For many kaihaka, kapa haka is a platform where they can voice their opinions on some of the country's biggest issues affecting Māoridom.
This weekend 17 teams took to the stage in Auckland and gave voice to some of today's most pressing issues for Māori, offering a message to the world through an indigenous lens.
"It is a reminder to us as Māori that there is a big problem here and to not turn our backs, but to be strong and stand as one until all the land across the country is returned," Kawariki Morgan (Tainui), leader of Ngā Tumanako, says.
Ihumātao is a rewrite of history and a battle that many did not expect in this day and age.
"Look back to Bastion Point, that was a major protest for that generation and Ihumātao is our Bastion Point," Jamus Webster (Te Arawa), male leader of Te Waka Huia, says.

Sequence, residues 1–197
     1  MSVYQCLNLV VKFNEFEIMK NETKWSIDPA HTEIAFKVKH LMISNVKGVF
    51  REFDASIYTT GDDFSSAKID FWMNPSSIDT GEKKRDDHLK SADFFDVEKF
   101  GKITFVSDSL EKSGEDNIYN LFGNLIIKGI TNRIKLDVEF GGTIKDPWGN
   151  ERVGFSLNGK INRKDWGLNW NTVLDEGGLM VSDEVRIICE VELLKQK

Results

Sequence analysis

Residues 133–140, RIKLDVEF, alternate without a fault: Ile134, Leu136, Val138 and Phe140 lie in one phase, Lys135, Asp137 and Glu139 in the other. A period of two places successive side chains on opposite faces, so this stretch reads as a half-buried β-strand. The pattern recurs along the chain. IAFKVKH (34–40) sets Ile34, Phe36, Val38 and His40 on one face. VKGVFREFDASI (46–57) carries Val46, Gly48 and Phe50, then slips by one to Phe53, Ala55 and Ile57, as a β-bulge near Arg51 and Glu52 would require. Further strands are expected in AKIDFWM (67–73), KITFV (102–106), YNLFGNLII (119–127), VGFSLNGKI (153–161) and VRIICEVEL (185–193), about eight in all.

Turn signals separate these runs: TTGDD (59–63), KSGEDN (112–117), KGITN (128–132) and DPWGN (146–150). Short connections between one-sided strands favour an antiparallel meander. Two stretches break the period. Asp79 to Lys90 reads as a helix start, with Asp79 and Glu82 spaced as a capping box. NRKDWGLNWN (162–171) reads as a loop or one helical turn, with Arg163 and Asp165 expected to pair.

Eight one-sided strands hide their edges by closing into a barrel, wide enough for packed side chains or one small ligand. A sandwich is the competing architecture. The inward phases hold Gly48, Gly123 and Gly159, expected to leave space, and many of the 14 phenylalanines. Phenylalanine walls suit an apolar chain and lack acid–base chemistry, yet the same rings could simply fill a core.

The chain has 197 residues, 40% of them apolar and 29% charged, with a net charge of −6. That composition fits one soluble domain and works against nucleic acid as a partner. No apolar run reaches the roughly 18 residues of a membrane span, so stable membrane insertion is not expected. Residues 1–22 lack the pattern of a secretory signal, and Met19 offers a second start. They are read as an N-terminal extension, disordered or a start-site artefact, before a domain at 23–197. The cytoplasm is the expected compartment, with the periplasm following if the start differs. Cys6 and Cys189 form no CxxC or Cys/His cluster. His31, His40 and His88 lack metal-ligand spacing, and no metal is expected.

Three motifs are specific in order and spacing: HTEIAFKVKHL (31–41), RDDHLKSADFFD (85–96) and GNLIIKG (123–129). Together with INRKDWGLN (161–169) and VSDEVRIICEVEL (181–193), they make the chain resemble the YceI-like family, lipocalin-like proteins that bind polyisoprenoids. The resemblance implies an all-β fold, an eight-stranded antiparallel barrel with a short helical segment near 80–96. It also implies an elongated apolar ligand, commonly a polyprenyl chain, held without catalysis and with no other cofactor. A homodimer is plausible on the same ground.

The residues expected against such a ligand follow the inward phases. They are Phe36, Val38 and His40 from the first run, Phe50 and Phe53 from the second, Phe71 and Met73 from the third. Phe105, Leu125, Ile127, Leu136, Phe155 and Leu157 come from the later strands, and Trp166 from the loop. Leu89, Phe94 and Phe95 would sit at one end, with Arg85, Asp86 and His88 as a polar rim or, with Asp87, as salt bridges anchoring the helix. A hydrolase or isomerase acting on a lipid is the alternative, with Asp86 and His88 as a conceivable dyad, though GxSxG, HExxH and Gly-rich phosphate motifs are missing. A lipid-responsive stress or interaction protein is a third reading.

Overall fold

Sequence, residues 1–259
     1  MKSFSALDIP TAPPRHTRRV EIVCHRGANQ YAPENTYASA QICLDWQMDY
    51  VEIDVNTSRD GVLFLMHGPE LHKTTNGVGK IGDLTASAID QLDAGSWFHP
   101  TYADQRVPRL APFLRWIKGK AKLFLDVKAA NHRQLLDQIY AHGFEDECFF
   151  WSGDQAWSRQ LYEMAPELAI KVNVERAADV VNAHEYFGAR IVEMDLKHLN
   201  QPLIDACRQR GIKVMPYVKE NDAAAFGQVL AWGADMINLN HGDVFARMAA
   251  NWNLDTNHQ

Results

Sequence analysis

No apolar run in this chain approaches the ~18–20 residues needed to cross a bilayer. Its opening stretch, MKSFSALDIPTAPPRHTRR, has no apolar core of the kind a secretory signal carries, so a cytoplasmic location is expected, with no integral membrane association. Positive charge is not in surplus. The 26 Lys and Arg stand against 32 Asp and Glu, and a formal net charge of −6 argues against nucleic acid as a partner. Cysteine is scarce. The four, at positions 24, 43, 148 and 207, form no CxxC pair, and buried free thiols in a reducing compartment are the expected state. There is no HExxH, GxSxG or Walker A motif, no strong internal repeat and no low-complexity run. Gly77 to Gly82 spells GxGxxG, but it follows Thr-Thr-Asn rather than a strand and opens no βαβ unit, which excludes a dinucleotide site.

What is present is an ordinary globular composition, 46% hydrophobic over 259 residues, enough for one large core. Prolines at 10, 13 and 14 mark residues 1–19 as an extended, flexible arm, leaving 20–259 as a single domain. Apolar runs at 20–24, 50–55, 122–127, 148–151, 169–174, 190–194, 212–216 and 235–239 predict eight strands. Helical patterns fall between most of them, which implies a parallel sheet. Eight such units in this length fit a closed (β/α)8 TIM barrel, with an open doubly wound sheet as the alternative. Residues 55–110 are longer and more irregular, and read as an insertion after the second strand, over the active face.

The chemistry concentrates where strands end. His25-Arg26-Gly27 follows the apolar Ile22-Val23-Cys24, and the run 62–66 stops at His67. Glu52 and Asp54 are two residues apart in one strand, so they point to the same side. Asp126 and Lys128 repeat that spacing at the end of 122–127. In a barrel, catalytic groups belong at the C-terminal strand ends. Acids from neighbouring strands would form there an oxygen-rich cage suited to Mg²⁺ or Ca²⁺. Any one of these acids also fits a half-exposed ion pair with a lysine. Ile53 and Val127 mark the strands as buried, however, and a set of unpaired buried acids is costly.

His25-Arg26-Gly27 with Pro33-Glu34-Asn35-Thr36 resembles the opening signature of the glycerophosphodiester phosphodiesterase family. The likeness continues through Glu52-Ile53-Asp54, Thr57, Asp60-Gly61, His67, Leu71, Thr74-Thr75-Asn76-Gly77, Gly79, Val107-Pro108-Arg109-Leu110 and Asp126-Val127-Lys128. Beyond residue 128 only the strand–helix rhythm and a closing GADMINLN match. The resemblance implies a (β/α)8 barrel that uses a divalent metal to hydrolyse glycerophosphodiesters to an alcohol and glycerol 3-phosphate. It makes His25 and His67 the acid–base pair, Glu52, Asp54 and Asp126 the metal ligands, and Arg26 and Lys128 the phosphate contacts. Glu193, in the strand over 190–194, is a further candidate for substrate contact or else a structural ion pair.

By using the art of kapa haka as a tool to express opinions, it keeps the conversation alive.
"It is a form that revives us so that we don't capsize, so that we don't also stand to the side and say yes we agree to carry on," Webster says.
"No, we need to learn about it so that the mind is sharp and understands. So that both the Pākehā and the Māori worlds can go side by side in this day and age."
While Ihumātao was a major topic in this year's regional competition, suicide was also one of the other key topics.
"The statistics continue to rise, especially the Māori statistics. It's hard and what good comes of it?" he says.
While the rate continues to rise for Māori, Webster says kapa haka can also be a way to cleanse yourself.
"That's why we go to the marae. Mā stands for cleanse and rae, well that's your head. And so, it is cleansing your mind."
The five Auckland teams going through to Te Matatini next year, now go away to prepare to host the other teams around the country who will take the stage at the national event in 2021.